A long time ago, a grade-schooler got his hands on a spaceship. He followed the assembly instructions as best he could, snapping on the cannons, the landing gear, the tiny interstellar-chess table. Soon enough, Rian Johnson was holding his very own Millennium Falcon. “The first thing I did,” he recalls, “was throw it across the room, to see how it would look flying.” He grins. “And it broke.” Johnson grew up, went to film school, made some good stuff, including the entertainingly twisted 2012 sci-fi drama Looper. He’s nearly 44 now, though his cherub cheeks and gentle manner make it easy to picture the kid he was (too easy, maybe – he’s trying to grow back a goatee he shaved); even his neatly pressed short-sleeve button-down has a picture-day feel. In late October, he’s sitting in an office suite inside Disney’s Burbank studios that he’s called home for many months, where a whiteboard declares, “We’re working on Star Wars: The Last Jedi (in case you forgot).” Johnson is the film’s writer-director, which means he ended up with the world’s finest collection of replacement toys, including a life-size Falcon set that nearly brought him to tears when he stepped onto it. He treated it all with what sounds like an intriguing mix of reverence and mischief – cast members keep saying nothing was quite what they expected. “I shook up the box a little bit,” he says, with that same grin.
Meanwhile, back in the real world, everything is broken. In the months since the franchise stirred back to life in 2015’s The Force Awakens, it has felt rather like some incautious child grabbed civilization itself and threw it across the room – and, midflight, many of us realized we were the evil Empire all along, complete with a new ruler that even latter-day George Lucas at his most CGI-addled would reject as too grotesque and implausible a character. Weirdly, the saga saw it all coming – or maybe it’s not so weird when you consider the Vietnam War commentary embedded in Lucas’ original trilogy, or the warnings about democracy’s fragility in his prequels. In the J.J. Abrams-directed The Force Awakens, a revanchist movement calling itself the First Order assembles in Triumph of the Will-style marches, showing the shocking strength of an ideology that was supposed to have been thoroughly defeated long ago. What’s left of the government is collapsing and feckless, so the only hope in sight is a band of good guys known as the Resistance. Familiar, this all sounds.
“It’s somewhat a reflection of society,” acknowledges the saga’s new star, Daisy Ridley, who plays Rey, and who has gone from unknown London actress to full-blown movie star nearly as fast as her character went from desert scavenger to budding Jedi. “But also it is escapism, because there are creatures and there are people running around with fucking lasers and shit. So, I think, a wonderful mix of both.” And the worse the world gets, the more we need that far-off galaxy, says Gwendoline Christie, who plays stormtrooper honcho Captain Phasma (as well as Game of Thrones‘ Brienne of Tarth): “During testing times, there’s nothing wrong with being transported by art. I think we all need it. Many of us are united in our love for this one thing.”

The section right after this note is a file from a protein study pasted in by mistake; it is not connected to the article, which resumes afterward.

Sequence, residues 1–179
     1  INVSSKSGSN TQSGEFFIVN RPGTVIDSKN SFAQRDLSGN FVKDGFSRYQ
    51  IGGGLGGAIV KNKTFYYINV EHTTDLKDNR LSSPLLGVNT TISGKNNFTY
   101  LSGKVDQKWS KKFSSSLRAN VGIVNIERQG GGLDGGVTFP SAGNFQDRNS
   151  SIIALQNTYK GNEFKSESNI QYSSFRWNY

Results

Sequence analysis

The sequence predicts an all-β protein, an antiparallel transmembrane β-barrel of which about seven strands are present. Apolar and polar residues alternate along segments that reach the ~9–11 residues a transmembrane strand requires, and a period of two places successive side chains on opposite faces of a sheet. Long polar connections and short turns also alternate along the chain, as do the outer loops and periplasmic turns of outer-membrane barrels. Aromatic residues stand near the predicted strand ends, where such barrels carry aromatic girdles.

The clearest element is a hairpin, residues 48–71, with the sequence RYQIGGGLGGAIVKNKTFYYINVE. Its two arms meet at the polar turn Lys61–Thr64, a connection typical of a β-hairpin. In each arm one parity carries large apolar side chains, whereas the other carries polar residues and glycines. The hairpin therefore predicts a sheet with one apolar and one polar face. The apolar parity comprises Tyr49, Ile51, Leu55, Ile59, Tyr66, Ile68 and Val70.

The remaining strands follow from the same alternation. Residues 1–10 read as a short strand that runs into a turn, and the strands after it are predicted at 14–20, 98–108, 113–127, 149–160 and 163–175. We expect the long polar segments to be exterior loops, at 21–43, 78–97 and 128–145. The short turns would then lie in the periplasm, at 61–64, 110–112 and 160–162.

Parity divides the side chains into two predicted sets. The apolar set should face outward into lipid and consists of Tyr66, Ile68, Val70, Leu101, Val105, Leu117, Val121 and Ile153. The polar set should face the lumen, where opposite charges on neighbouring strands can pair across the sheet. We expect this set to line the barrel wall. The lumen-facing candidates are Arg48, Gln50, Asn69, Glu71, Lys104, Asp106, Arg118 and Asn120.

The Last Jedi, due December 15th, is the second episode of the current trilogy, and advance word has suggested that, as in the original middle film, The Empire Strikes Back, things get darker this time. But Johnson pushes back on that, though he does admit some influence from the morally ambiguous 2000s reboot of Battlestar Galactica (which is funny, because Lucas considered the Seventies TV show a rip-off and urged a lawsuit – long since settled – against it). “That’s one thing I hope people will be surprised about with the movie,” Johnson says. “I think it’s very funny. The trailers have been kind of dark – the movie has that, but I also made a real conscious effort for it to be a riot. I want it to have all the things tonally that I associate with Star Wars,which is not just the Wagner of it. It’s also the Flash Gordon.”
As of late October, almost no one has seen it yet, but Johnson seems eerily free of apprehension about its prospects. He exuded a similar calm on set, according to Adam Driver, who plays Han and Leia’s Darth Vader-worshipping prodigal son, Kylo Ren. “If I had that job, I would be stressed out,” he says. “To pick up where someone left off and carry it forward, but also introduce a vocabulary that hasn’t been seen in a Star Wars movie before, is a tall order and really hard to get right. He’s incredibly smart and doesn’t feel the need to let everyone know it.” (“It felt like we were playing the whole time,” says Kelly Marie Tran, cast as the biggest new character, Rose Tico.) A few weeks after we talk, Lucasfilm announces that Johnson signed on to make three more Star Wars films in the coming decade, the first that step outside of the prevailing Skywalker saga, indicating that Disney and Lucasfilm matriarch Kathleen Kennedy are more than delighted with Last Jedi. And Kennedy’s not easily delighted, having recently replaced the directors of a Han Solo spinoff midshoot and removed original Episode 9 director Colin Trevorrow in favor of Abrams’ return.